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Good design that goes unnoticed — 4

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This is my fourth post in as many as possible in this series. This one is about good design in language.

There’s a term for good aesthetic design in language, Phonaesthetics,

I’ve had mixed responses to telling people about this, so, I thought I’d look into this and explore the concept of good design in language.

The first time I thought about this topic was quite a while ago when I saw the Woody and Tinny words sketch by Monty Python.

A phrase from the linked page, which apparently is considered beautiful purely because of how it sounds, is_ ‘cellar door’_

Similarly, there are some words which just sound right or to phrase it differently it sometimes makes sense that the word for a particular thing is that word.

So, I started looking into this and found that this is actually an insanely large branch of study in linguistics and I know I’m no expert at any of this, so, I’m going to limit myself to a basic reflection by giving 2 examples on what I thought was good design in language and the specific branch of study for each.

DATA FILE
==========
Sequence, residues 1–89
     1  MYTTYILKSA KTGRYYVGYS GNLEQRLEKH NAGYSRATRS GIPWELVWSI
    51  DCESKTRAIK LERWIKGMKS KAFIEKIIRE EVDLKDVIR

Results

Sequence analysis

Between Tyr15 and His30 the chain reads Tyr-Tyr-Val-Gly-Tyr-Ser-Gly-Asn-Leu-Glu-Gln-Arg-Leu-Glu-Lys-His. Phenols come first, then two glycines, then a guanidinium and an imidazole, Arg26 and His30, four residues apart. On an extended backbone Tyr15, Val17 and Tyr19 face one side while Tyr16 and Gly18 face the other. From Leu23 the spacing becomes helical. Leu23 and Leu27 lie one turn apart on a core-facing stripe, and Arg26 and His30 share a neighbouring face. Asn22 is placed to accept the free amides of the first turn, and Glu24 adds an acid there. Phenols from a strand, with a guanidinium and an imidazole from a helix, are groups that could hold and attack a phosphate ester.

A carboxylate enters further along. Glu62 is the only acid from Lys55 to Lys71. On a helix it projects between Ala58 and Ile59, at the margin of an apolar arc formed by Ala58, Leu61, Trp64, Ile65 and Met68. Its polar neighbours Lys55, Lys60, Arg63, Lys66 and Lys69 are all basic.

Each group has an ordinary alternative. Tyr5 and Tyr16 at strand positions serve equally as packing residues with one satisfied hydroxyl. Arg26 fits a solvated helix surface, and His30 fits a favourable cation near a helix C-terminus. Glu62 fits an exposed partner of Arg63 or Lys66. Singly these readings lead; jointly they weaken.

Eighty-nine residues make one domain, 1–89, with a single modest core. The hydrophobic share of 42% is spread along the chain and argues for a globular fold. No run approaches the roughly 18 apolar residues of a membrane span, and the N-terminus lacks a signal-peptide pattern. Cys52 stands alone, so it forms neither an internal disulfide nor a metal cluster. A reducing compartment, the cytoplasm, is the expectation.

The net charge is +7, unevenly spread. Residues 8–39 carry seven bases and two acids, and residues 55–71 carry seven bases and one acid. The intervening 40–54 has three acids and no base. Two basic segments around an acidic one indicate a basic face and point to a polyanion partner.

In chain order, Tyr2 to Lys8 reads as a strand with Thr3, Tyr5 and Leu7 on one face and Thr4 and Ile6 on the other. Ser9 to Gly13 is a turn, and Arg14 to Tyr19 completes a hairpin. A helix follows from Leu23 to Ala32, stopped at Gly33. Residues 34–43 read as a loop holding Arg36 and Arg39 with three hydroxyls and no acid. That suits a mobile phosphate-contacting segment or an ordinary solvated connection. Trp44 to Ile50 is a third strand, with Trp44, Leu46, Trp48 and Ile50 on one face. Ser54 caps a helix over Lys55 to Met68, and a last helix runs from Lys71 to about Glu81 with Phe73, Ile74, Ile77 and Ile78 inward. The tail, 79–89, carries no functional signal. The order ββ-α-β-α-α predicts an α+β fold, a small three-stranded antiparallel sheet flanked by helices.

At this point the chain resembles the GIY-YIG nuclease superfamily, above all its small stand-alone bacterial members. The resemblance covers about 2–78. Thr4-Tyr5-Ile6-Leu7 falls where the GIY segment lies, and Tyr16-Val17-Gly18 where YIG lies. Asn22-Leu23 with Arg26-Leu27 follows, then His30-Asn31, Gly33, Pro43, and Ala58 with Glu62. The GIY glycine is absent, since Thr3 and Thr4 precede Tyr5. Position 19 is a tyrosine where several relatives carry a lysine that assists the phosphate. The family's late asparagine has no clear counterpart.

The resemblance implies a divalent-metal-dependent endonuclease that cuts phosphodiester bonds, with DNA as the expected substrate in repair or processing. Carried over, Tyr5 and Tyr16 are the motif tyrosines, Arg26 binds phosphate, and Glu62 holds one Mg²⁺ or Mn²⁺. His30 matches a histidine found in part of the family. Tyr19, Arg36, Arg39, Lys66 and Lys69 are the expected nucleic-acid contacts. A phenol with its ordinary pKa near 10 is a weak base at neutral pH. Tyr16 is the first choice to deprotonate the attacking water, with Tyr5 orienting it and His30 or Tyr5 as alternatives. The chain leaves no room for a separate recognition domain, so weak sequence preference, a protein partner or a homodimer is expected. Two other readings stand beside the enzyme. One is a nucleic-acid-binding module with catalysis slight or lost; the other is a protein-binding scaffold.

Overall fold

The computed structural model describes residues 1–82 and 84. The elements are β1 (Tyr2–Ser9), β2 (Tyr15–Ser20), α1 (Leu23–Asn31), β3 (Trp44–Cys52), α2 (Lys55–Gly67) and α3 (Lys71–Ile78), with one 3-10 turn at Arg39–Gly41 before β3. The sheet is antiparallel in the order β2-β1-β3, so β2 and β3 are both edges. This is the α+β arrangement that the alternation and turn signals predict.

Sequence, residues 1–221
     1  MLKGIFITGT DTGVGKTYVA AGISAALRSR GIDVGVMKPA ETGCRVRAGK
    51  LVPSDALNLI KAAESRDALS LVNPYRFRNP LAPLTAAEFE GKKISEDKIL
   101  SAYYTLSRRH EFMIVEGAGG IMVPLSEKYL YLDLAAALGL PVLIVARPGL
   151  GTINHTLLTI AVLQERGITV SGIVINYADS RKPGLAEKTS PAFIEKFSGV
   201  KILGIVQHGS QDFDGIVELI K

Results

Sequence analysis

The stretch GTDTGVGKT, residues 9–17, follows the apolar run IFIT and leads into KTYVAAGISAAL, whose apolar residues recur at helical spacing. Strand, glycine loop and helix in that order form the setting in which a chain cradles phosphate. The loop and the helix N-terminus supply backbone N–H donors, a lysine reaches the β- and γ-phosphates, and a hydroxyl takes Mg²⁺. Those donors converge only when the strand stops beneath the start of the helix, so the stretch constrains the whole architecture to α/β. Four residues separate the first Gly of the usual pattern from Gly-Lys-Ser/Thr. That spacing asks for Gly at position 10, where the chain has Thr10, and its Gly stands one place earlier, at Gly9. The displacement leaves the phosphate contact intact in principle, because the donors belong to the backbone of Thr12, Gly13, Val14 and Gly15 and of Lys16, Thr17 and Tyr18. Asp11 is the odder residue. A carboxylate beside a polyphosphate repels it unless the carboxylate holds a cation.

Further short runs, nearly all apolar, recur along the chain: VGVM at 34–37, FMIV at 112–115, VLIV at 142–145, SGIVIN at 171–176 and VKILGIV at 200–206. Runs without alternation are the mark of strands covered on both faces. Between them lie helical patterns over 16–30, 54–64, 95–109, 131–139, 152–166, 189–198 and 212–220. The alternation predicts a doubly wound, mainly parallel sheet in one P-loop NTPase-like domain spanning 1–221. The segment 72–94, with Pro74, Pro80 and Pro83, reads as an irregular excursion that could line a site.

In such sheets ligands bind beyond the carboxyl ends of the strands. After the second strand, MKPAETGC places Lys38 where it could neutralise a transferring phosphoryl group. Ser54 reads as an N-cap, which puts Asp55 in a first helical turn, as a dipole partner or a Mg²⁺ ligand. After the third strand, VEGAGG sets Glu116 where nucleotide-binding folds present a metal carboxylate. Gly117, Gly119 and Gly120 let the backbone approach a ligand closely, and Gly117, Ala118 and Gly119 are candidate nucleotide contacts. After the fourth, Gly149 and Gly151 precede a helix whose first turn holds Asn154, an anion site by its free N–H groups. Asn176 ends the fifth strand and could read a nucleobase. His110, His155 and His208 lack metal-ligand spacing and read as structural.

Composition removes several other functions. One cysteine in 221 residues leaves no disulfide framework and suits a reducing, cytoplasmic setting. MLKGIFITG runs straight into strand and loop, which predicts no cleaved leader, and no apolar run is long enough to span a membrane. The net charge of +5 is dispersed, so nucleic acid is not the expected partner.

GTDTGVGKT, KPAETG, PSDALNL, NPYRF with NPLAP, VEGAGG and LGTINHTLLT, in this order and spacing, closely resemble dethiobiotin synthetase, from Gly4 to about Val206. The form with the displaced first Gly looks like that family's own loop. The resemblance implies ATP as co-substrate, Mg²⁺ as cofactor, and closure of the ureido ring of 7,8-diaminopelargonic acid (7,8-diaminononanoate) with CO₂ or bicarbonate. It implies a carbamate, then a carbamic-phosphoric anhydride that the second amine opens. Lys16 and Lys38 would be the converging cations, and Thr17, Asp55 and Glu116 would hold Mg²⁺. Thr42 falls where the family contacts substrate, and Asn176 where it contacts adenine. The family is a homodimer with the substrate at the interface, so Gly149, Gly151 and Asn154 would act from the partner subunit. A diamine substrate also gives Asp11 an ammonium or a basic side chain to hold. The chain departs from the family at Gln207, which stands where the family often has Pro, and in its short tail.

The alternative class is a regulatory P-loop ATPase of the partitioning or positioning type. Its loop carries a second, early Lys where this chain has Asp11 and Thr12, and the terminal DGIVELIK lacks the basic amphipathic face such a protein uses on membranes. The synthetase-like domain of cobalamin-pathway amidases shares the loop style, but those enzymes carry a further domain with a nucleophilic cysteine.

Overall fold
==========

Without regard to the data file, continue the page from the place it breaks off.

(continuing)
The effect essentially says that on shown the below image,

Source :
People are more likely to associate the sound ‘kiki’ with the shape with sharp edges and Bouba to the one with rounded edges.

I think this has implications on how to design a brand or a phrase based on what emotion you want to evoke in your listener.

Pentasyllabic is a word that has 5 syllables, which is what the word means.

Reminds me of this passage by Gary Provost.

There’s more to come on this topic, will do a follow up post soon with more.

Thank you for reading